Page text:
Additionally, what are/how strong are the track records of Redwood's researchers/advisors?
The people we seek advice from on our research most often are Paul Christiano and Ajeya Cotra. Paul is a somewhat experienced ML researcher, who among other things led some of the applied alignment research projects that I am most excited about.
On our team, the people with the most relevant ML experience are probably Daniel Ziegler, who was involved with GPT-3 and also several OpenAI alignment research projects, and Peter Schmidt-Nielsen. Many of our other staff have ... (read more)
So one thing to note is that I think that there are varying degrees of solving the technical alignment problem. In particular, you’ve solved the alignment problem more if you’ve made it really convenient for labs to use the alignment techniques you know about. If next week some theory people told me “hey we think we’ve solved the alignment problem, you just need to use IDA, imitative generalization, and this new crazy thing we just invented”, then I’d think that the main focus of the applied alignment community should be trying to apply these alignment tec... (read more)
We could operationalize this as “How does P(doom) vary as a function of the total amount of quality-adjusted x-risk-motivated AI alignment output?” (A related question is “Of the quality-adjusted AI alignment research, how much will be motivated by x-risk concerns?” This second question feels less well defined.)
I’m pretty unsure here. Today, my guess is like 25% chance of x-risk from AI this century, and maybe I imagine that being 15% if we doubled the quantity of quality-adjusted x-risk-motivated AI alignment output, and 35% if we halved that quantity. Bu... (read more)
Here are some things I think are fairly likely:
I think this is a great question.
We are researching techniques that are simpler precursors to adversarial training techniques that seem most likely to work if you assume that it’s possible to build systems that are performance-competitive and training-competitive, and do well on average on their training distribution.
There are a variety of reasons to worry that this assumption won’t hold. In particular, it seems plausible that humanity will only have the ability to produce AGIs that will collude with each other if it’s possible for them to do so. This seem... (read more)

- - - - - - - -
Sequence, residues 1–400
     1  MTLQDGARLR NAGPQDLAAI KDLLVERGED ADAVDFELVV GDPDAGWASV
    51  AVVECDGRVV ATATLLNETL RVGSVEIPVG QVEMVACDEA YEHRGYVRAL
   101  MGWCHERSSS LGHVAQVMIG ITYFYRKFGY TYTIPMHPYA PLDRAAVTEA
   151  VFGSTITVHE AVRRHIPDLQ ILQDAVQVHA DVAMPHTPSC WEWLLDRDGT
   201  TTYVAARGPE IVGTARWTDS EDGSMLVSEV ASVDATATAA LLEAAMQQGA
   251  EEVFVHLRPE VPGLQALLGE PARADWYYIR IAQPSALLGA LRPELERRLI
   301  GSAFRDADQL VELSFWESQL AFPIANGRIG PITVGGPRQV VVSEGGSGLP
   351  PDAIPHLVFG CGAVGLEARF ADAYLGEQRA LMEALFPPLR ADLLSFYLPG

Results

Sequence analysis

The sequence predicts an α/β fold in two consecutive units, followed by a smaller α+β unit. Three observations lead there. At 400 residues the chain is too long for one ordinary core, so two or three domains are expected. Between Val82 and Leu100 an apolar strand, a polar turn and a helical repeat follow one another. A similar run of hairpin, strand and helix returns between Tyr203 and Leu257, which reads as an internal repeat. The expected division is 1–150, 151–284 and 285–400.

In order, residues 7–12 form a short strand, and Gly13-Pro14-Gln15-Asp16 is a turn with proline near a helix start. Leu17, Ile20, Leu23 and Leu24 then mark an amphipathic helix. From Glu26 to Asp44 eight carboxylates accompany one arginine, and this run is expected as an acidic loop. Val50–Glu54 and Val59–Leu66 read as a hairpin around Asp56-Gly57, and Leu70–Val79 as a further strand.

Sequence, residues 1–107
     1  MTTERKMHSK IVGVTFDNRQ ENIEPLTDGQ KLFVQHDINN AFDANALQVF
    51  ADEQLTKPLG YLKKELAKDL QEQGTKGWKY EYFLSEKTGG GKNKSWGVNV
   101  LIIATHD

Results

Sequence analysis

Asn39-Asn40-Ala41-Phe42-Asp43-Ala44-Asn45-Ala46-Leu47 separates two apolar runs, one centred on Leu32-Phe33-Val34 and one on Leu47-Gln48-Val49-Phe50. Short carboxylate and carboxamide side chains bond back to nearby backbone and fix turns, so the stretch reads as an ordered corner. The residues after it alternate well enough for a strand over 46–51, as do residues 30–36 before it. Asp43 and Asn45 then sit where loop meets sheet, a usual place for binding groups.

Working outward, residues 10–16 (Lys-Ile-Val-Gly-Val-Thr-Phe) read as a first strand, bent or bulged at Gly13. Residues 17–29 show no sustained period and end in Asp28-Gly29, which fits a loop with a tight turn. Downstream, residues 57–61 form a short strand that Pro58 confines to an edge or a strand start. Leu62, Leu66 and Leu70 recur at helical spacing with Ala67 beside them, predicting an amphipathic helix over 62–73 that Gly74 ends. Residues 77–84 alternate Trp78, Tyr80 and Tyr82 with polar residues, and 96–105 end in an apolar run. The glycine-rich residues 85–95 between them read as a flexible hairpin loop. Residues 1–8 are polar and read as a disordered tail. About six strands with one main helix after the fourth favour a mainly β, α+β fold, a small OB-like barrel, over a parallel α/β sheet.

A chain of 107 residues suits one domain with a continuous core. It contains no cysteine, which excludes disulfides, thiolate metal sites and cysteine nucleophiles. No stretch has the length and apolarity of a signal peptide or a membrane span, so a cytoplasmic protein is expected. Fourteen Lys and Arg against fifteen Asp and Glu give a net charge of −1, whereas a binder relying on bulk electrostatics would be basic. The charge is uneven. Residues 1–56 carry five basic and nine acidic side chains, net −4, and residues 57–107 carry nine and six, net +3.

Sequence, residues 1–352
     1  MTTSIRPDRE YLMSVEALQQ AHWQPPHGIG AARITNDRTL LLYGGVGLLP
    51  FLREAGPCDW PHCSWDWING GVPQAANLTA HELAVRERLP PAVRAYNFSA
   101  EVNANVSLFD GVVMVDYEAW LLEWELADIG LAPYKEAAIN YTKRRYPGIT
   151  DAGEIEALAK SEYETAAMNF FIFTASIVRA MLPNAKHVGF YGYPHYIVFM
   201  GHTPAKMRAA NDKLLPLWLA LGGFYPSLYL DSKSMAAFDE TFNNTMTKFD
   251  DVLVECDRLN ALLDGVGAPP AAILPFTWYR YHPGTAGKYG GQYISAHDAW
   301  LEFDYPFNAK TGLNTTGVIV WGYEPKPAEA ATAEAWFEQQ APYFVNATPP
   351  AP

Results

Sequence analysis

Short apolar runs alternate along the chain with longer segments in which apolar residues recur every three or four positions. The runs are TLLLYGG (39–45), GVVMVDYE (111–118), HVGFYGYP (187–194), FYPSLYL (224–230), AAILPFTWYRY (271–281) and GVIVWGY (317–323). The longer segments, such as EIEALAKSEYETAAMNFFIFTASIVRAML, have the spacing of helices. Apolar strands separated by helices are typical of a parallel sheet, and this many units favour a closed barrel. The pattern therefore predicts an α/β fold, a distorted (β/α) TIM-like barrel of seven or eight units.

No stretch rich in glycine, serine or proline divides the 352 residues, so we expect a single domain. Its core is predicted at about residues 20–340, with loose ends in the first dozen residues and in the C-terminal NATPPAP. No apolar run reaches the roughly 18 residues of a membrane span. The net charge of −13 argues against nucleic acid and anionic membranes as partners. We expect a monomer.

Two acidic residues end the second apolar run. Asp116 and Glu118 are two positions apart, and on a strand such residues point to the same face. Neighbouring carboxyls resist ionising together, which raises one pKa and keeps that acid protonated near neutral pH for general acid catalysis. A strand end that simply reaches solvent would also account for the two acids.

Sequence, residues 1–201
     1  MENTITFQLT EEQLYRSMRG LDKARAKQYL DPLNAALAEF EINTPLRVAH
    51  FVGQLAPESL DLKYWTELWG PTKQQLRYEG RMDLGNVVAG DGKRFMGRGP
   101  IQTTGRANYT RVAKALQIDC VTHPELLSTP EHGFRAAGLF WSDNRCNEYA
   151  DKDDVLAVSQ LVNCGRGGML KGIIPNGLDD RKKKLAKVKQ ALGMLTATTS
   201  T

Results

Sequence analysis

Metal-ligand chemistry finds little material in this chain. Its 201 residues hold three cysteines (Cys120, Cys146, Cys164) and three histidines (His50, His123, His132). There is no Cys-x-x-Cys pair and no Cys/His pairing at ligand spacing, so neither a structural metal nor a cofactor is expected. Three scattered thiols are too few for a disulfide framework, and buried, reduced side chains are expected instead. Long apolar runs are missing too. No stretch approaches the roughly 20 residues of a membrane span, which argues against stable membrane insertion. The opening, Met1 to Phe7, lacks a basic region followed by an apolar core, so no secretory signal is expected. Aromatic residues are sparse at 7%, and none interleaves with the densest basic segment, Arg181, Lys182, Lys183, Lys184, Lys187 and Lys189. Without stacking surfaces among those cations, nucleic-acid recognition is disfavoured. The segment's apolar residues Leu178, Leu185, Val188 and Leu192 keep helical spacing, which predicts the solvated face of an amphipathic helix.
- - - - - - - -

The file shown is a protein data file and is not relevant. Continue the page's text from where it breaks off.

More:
I think our work is aimed at reducing the theory-practice gap of any alignment schemes that attempt to improve worst-case performance by training the model on data that was selected in the hope of eliciting bad behavior from the model. For example, one of the main ingredients of our project is paying people to try to find inputs that trick the model, then training the model on these adversarial examples.
Many different alignment schemes involve some type of adversarial training. The kind of adversarial training we’re doing, where we just rely on human ingen... (read more)
So there’s this core question: "how are the results of this project going to help with the superintelligence alignment problem?" My claim can be broken down as follows:
So to start with, I want to note that I imagine something a lot more like “the alignment community as a whole develops promising techniques, probably with substantial collaboration between research organizations” than “Redwood does all the work themselves”. Among other things, we don’t have active plans to do much theoretical alignment work, and I’d be fairly surprised if it was possible to find techniques I was confident in without more theoretical progress--our current plan is to collaborate with theory researchers elsewhere.
In this comment, I mentioned ... (read more)